• [0045]
    Although return pad 200 is depicted as having a connector region 214 near ring return region 218, the connector region 214 may not be located on the same portion or near each other on return pad 200, i.e., the ring sensor signal may exit from any location on or near return pad 200. Additionally or alternatively, the return signal may exit return pad 200 from any location as well depending on a particular pad 200 configuration. Break point 216 may also be located at any position on return pad 200.
  • [0046]
    FIGS. 3A and 3B show another embodiment of the present disclosure having a return pad 300 that facilitates peeling detection and has a ring sensor 110 in a different configuration than in FIGS. 1A-2. Return pad 300 includes a backing 102 made of any material as described above that provides support for return pad 300. Ring electrode 106 and ring electrode 108 again are configured to form ring sensor 110. And ring sensor 110 may be capacitive or resistive.
  • [0047]
    Ring electrode 106 and ring electrode 108 are disposed in substantial concentric registration with the periphery of backing 102. Electrode 104 is disposed relative to ring electrode 106 and 108 in a generally concentric fashion, which is configured to facilitate peel detection. The impedance measurement taken from ring sensor 110 is primarily a function of contact impedance between ring electrode 106 and ring electrode 108. Any edge peeling would affect the measured impedance thus allowing measuring component 706 (see FIG. 7) to measure this effect.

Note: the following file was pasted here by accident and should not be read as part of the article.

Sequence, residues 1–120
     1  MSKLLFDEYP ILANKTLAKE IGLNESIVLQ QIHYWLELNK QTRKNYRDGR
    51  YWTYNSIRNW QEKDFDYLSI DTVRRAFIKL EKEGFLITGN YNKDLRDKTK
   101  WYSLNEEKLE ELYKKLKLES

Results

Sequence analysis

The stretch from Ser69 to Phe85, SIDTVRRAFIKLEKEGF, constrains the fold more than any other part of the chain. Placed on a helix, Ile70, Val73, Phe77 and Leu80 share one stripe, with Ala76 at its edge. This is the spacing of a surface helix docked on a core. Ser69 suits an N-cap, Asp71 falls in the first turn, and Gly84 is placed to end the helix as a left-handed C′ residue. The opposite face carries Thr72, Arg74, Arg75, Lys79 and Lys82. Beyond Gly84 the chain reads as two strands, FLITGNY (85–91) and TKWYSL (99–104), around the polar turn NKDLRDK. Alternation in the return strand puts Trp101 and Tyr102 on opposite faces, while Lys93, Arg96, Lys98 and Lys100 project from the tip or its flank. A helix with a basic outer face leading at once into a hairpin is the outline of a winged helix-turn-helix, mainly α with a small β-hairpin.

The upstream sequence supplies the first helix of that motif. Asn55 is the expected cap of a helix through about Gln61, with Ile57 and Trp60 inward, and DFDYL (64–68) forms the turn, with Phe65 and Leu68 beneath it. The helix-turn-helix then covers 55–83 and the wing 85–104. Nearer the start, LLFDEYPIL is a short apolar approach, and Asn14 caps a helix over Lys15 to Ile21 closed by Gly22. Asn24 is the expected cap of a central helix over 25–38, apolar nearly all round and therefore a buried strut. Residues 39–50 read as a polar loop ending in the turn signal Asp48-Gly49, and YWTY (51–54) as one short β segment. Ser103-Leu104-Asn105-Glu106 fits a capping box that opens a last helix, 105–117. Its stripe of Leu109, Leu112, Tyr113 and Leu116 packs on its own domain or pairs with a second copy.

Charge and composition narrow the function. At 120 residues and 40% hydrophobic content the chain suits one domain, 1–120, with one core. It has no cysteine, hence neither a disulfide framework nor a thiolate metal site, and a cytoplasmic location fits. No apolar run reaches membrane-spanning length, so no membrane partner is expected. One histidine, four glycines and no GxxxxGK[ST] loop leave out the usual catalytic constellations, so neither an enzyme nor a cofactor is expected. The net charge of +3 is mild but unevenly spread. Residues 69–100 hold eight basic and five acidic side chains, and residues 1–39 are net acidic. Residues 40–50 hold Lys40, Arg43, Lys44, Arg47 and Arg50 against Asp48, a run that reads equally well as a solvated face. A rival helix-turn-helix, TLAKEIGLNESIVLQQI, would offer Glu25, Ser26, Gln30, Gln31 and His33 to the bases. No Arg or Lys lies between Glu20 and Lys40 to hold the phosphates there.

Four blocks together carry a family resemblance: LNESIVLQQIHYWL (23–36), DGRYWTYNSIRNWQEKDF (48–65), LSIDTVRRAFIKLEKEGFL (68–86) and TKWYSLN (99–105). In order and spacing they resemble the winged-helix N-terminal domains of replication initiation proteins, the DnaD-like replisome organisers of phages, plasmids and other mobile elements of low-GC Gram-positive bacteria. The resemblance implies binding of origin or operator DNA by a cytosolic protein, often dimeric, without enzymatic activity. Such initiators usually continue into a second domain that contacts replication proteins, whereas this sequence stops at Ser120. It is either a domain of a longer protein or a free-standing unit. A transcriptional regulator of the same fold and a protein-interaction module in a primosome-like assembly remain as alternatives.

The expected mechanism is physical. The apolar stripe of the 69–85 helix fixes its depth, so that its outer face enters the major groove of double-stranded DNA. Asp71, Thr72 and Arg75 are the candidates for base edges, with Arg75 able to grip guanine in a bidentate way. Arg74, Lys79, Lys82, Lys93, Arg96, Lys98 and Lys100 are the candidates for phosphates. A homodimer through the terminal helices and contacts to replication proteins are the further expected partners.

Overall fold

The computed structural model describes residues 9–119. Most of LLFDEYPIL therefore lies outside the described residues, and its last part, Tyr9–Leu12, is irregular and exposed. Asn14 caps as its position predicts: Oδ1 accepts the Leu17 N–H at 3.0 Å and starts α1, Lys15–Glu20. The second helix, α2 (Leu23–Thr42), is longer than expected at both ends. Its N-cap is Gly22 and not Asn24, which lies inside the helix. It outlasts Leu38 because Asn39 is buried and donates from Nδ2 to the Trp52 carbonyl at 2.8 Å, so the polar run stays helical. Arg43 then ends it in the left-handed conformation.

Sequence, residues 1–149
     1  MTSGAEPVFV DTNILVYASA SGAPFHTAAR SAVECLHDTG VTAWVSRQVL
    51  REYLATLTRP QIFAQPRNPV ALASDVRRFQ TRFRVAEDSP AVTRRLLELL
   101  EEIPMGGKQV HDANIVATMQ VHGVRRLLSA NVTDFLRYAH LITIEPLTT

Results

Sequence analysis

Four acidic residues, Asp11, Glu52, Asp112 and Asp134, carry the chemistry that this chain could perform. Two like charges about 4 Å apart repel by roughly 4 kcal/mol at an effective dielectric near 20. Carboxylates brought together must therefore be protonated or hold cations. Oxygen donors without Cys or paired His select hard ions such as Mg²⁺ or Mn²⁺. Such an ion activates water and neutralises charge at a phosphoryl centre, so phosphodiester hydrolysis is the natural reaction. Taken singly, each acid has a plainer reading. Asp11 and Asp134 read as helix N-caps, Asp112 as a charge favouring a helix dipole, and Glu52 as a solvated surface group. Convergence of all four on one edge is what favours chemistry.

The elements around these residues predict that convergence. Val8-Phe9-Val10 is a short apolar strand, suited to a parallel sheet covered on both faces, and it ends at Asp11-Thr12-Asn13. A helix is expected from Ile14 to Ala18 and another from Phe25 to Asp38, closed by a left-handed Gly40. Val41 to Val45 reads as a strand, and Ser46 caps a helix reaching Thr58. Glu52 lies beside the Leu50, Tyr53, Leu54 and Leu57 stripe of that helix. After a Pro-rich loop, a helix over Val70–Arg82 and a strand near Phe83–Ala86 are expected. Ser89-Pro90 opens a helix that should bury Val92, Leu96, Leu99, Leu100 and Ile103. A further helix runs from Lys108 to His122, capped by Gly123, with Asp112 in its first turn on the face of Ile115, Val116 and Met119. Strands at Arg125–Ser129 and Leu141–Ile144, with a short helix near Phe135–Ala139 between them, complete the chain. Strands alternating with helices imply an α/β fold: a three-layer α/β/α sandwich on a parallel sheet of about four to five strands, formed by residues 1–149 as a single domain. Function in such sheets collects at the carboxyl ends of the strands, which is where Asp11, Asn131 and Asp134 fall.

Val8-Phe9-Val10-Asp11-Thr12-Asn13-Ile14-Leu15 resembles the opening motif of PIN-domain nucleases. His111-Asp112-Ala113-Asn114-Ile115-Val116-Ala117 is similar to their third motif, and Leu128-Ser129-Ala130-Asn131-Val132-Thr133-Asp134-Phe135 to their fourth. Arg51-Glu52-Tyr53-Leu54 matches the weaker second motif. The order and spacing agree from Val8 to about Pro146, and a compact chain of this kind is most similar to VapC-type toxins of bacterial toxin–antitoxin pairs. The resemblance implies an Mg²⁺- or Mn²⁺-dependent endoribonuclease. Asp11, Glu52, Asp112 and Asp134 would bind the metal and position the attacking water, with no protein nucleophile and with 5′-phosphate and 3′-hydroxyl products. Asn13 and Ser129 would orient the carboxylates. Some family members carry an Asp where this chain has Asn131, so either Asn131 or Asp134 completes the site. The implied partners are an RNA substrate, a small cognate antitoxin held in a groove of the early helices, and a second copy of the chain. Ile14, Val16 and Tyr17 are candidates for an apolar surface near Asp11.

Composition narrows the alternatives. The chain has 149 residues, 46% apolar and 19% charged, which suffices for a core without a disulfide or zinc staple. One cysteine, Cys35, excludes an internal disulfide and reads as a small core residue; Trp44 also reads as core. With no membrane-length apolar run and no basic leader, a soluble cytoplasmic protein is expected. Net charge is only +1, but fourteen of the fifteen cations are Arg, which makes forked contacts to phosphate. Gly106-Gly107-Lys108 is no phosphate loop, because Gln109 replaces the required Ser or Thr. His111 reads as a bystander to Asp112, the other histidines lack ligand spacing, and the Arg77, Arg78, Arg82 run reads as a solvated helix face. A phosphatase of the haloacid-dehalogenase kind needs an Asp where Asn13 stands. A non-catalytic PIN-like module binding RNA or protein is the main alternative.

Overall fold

• [0048]
    FIG. 3B shows a cross sectional view of FIG. 3A along line 3B-3B. Ring electrodes 108, 106 and return electrode 104 interface with skin barrier 114 through interface material 314, 316 and 318, respectively. Current arrows 320 depict current crossing the barrier between ring electrode 108 and interface material 314. Current arrows 322 depict current that crosses the return electrode 106 and the interface material 316 barrier, and current arrows 324 depict the current that crosses the return electrode 104 and interface material 318 barrier. Current arrows 326 depict current crossing the barrier of interface material 314 and 316, and current arrows 328 depict current crossing the barrier of interface material 316 and 318. Interface material 314/skin barrier 114, interface material 316/skin barrier 114, and interface material 318/skin barrier 114 show current arrows as 330, 332 and 334, respectively. Interface materials 314, 316, and 318 are not necessary or critical and may either be an adhesive or gel and may be either insulating or conductive. In yet another configuration, there may be an insulator (including air) between interface materials 314 and 316 (not shown) causing current (represented by arrows 326) to be reduced. The reduction (or elimination) of current represented by current arrows 326 may increase the sensitivity of ring sensor 110.